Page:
Ellen Tauscher, Under Secretary of State for Arms Control and International Security, says the United States is prepared to “put it in writing” that NATO missile defense systems are not aimed at Russia. At the same time, however, “We cannot provide legally binding commitments, nor can we agree to limitations on missile defenses, which must necessarily keep pace with the evolution of the threat.”
She made these remarks at Transatlantic Missile Defense: Phase II and the Lead Up to the NATO Chicago Summit, the Atlantic Council’s fourth annual conference on this subject.
Tauscher repeatedly underlined that “we must continue our efforts to develop missile defense cooperation withRussia.” She noted that “We are continuing work to establish a political framework that would open the way for practical cooperation on missile defense, including a center that would coordinate radar data and another center that would coordinate operations.”
In the boldest terms any administration official has yet used, she proclaimed, “The missile defense system we are establishing in Europe is not directed against Russia. We have said that publicly and privately, at many levels. We are prepared to put it in writing.”
She laid this case out in great detail, declaring, “As full partners in missile defense, we would partner to counter threats originating outsideEurope, not each other. Our NATO European missile defense system is not and will not be directed at Russia, and Russiawould continue to be able to confirm that the system is directed against launches originating outside Europe and not from Russia.”
In fact, she noted, “The EPAA [European Phased Adaptive Approach] does not possess the technical capability to undermine Russia’s strategic nuclear forces nor do we seek to develop a system that could. The mission of our missile defenses in Europe is to counter launches from the Middle East, which would be few in number and at an early stage of technology.” Indeed, “To perform this mission, engineering choices have been made: the system is and will continue to be capable of countering small numbers of launches of modest sophistication from the south. It has no capability to counter Russian strategic forces, given their location, numbers, and advanced technology. This is true of phases 3 and 4, as well as 1 and 2.”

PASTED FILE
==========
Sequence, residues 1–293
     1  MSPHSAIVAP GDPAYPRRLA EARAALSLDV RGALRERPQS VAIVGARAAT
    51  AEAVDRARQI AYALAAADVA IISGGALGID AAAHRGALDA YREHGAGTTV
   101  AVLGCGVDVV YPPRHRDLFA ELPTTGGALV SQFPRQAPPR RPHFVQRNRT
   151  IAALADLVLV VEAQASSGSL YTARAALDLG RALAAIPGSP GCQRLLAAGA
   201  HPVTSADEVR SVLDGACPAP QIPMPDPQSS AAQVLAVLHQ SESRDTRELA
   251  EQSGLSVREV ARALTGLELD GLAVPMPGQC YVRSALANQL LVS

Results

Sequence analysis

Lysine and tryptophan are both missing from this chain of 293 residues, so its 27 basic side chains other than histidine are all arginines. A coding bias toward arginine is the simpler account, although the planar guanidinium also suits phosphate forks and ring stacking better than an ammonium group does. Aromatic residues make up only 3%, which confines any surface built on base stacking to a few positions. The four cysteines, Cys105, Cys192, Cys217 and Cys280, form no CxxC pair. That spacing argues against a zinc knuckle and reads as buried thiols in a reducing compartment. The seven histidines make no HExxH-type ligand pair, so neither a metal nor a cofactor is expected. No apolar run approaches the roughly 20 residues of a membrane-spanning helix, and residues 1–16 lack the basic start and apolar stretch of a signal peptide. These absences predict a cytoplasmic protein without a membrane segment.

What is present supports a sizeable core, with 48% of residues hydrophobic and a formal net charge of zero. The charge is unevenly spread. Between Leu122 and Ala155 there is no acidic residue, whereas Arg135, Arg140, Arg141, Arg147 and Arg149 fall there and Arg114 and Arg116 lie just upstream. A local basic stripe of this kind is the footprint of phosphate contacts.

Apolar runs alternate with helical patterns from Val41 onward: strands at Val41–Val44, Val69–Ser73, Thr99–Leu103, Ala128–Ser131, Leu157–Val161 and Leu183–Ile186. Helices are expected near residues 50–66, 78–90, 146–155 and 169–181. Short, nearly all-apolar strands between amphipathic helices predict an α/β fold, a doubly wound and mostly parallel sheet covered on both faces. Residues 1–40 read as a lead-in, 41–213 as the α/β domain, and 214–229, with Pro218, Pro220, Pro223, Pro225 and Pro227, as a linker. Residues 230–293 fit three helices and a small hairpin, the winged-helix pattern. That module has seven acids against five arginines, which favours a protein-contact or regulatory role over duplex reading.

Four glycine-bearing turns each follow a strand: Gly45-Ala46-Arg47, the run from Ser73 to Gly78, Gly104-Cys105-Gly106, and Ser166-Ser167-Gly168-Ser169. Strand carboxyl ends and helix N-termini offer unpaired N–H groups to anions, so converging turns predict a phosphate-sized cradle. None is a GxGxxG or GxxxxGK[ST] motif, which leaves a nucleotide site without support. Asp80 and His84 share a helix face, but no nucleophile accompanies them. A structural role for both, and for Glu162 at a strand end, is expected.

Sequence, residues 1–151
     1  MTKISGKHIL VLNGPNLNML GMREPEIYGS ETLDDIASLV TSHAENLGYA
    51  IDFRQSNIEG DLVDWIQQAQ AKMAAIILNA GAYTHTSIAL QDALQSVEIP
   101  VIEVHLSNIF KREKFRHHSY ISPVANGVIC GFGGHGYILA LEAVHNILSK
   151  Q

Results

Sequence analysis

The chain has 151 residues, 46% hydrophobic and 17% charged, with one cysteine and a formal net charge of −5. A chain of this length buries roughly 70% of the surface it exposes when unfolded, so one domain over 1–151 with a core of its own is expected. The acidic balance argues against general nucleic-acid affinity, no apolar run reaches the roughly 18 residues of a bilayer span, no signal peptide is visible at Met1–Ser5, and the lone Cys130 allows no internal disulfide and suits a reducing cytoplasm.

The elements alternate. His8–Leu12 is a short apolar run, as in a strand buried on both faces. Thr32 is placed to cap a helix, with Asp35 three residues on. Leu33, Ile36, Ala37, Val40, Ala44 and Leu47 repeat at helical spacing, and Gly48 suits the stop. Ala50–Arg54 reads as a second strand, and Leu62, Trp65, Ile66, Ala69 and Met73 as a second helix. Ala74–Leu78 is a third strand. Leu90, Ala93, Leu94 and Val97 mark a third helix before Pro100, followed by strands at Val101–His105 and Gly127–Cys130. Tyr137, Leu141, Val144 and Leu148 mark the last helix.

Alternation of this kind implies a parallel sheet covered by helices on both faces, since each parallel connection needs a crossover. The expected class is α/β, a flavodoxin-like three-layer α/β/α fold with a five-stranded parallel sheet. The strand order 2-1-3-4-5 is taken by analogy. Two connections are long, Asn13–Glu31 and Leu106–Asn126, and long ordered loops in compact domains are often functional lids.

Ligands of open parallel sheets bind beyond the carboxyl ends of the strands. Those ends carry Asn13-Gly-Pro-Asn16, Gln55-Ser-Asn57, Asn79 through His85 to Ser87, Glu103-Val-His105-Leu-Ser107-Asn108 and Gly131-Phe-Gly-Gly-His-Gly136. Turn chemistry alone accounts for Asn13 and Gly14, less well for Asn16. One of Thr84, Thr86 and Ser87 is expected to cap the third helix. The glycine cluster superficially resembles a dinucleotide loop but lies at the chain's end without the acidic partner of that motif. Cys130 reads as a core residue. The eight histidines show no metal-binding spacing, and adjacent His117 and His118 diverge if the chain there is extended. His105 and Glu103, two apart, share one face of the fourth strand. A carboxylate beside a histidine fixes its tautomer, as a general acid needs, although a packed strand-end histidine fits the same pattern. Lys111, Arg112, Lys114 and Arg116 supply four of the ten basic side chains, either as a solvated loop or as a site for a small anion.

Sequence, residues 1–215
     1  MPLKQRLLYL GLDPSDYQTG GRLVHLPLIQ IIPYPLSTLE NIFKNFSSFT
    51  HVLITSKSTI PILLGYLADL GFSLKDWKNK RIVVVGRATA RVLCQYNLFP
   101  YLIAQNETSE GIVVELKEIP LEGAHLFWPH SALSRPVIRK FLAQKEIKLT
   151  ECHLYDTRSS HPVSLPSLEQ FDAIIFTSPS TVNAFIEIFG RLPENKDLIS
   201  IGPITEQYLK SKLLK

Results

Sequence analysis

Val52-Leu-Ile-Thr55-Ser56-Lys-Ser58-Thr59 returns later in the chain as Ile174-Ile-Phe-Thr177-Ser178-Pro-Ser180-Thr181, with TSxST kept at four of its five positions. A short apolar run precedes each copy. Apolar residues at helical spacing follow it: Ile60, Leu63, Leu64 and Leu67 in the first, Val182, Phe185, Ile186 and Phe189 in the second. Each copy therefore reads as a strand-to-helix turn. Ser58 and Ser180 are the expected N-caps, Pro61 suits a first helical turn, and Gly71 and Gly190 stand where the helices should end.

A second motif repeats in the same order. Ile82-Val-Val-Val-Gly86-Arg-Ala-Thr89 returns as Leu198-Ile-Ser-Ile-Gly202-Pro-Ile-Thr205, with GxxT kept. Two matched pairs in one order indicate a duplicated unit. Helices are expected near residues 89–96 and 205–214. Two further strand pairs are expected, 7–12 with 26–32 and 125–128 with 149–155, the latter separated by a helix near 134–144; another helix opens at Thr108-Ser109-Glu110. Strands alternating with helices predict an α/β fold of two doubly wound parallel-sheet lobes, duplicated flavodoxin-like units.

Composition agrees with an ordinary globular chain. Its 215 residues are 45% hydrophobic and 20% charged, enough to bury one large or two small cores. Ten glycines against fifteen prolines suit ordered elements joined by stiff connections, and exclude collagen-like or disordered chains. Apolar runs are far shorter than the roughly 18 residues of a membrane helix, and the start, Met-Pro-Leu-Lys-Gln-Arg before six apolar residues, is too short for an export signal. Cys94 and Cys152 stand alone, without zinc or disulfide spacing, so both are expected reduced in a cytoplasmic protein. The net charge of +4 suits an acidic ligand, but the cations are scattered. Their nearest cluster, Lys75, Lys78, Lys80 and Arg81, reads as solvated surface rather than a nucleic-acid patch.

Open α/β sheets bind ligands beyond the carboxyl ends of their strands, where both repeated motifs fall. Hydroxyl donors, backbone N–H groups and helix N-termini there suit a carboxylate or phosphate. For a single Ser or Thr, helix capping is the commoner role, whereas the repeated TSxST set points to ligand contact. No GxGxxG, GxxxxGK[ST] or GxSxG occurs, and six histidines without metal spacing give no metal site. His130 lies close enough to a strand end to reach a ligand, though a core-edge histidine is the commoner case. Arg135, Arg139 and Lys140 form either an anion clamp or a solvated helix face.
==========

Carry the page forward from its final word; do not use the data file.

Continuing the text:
One the other hand, Tauscher noted, while “we welcome an opportunity to continue and expand the sharing of technical information on the EPAA with Russian experts on an interagency basis, to demonstrate what it can and cannot do,” the United States and NATO “cannot provide legally binding commitments, nor can we agree to limitations on missile defenses, which must necessarily keep pace with the evolution of the threat.”
Still, “through cooperation we can demonstrate the inherent characteristics of the system and its inability to undermine Russian deterrent forces or strategic stability.”
Will this satisfy Vladimir Putin and other major players inRussia? It’s difficult to say, in that it’s never obvious which of their public statements are bluster and which represent genuine policy.
While it’s blindingly obvious from a Western standpoint that NATO has no designs on Russia and that, of course our missile defense concerns are mostly geared toward a nuclearIran, one can understandMoscow’s trepidation. After all, the missile defense project began in a serious way during the period when Ronald Reagan was calling the oldSoviet Unionan “evil empire.” And the fact that NATO began as a counterweight to Soviet expansion–and is still seen as a bulwark against Russian aggression by theAlliance’s newest members– is a major obstacle forRussiato overcome.
At the end of the day, Putin and company have no real alternative but to embrace NATO’s policy and the olive branch of technical sharing. Whatever desires he might have for recapturing the glory days of the Soviet empire, it’s nowhere near Russia’s grasp. And after eighteen years of progress, he surely doesn’t want to throw away Russia’s chance at joining the WTO and gaining its benefits.
Accepting the reality of missile defense may be a bitter pill but Putin has to swallow it. Whether this is accompanied by a thaw in the rhetoric, however, is optional.
James Joyner is managing editor of the Atlantic Council.